The core of the book focuses on three approaches that build on these concepts: participatory systemic inquiry, as a planning tool; systemic action research, as a structured process that integrates learning and action; and nurtured emergent development, as an organic approach to building a social movement for change (explained with examples like community-led total sanitation).

They also have a great discussion of the nature of power in development and participatory processes, and a conclusion section that nods toward the political nature of development and the need for adaptive management.

Embracing Complexity (Boulton, Allen, Bowman)

This book was much more wide-ranging, in a way that makes it hard to give full due in any review. As mentioned in my other post, this book was written by a team that deeply understands the science of complexity, as well as the debates within that field. The result is an great journey through the ideas, easily followed by non-specialists, but which still may be more detailed than some readers want.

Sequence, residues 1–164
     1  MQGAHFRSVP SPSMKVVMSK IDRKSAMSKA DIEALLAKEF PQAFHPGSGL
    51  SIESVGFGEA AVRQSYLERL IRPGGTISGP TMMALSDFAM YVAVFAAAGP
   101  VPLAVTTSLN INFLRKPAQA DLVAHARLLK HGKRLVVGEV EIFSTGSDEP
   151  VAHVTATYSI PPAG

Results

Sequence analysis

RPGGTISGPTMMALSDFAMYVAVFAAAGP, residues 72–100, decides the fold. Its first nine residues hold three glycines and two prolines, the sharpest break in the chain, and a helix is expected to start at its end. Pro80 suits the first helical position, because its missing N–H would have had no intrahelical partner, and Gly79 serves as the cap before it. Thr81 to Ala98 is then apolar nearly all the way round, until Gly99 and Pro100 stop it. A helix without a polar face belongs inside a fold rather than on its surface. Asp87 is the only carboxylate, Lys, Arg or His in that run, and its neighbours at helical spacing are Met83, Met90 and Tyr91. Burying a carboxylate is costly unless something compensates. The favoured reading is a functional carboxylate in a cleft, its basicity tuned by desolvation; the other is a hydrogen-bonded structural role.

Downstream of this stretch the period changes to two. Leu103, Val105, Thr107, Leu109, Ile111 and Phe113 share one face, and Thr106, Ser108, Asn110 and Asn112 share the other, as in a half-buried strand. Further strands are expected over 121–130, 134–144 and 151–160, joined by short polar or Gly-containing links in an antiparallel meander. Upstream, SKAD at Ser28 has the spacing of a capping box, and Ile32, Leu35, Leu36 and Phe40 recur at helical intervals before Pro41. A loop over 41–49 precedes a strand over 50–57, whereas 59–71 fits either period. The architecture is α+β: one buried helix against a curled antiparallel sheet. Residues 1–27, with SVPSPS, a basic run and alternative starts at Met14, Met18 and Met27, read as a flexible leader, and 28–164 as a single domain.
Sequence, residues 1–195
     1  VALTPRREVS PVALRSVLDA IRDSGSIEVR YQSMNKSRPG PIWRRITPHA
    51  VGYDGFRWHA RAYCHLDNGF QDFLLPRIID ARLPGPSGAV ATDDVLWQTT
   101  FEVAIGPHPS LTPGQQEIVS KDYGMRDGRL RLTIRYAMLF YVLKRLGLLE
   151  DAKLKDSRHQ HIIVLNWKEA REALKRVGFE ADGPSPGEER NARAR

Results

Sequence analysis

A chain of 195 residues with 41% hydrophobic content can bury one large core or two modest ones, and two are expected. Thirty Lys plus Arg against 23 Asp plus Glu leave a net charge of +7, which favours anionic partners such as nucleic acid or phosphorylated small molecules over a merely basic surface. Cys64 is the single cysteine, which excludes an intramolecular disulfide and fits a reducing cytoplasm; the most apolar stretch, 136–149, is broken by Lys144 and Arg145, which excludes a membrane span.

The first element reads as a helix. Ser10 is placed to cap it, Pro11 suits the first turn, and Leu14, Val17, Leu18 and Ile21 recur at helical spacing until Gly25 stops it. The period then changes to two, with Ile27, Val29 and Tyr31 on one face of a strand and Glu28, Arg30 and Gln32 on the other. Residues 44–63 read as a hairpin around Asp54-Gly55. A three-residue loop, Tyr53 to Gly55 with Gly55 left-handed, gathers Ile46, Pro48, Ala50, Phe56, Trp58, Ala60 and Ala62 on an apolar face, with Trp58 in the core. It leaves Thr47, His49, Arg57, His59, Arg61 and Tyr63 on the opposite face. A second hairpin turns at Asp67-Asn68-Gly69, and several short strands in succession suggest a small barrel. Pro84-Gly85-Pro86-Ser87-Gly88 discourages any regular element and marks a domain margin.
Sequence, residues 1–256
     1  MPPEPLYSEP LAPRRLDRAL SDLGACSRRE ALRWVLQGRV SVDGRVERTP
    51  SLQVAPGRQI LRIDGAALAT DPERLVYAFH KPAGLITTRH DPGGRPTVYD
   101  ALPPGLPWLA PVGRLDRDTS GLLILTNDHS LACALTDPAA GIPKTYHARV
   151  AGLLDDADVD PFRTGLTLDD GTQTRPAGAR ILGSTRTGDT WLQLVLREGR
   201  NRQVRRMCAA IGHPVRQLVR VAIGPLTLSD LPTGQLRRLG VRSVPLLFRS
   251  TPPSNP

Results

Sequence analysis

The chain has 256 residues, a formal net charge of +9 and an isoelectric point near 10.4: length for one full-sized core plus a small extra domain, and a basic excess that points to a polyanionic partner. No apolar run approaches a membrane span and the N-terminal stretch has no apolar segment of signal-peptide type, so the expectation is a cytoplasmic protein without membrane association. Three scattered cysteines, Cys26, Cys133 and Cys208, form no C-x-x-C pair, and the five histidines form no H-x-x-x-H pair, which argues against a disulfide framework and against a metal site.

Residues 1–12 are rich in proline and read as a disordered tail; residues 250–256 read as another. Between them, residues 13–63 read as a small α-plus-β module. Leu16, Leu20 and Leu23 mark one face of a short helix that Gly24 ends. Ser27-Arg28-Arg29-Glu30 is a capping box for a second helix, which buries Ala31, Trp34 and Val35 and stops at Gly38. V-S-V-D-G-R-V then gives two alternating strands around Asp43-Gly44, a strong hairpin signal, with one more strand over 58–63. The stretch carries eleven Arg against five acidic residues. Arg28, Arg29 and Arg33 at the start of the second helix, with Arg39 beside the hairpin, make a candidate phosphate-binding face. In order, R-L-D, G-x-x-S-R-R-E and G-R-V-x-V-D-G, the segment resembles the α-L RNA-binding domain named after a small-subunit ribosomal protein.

For those who embrace the journey, the chapters on complexity in the social world, management, strategy, international development, and economics are chock-full of insights and advice. For example, I took the following away on complexity-informed research processes: trace situations over time; include multiple-perspectives and opportunities for meaning-making; follow emergent, unexpected phenomena; explore causes; explore around issues; stay free from the need to define initial hypothesis; balance uniqueness and general applicability.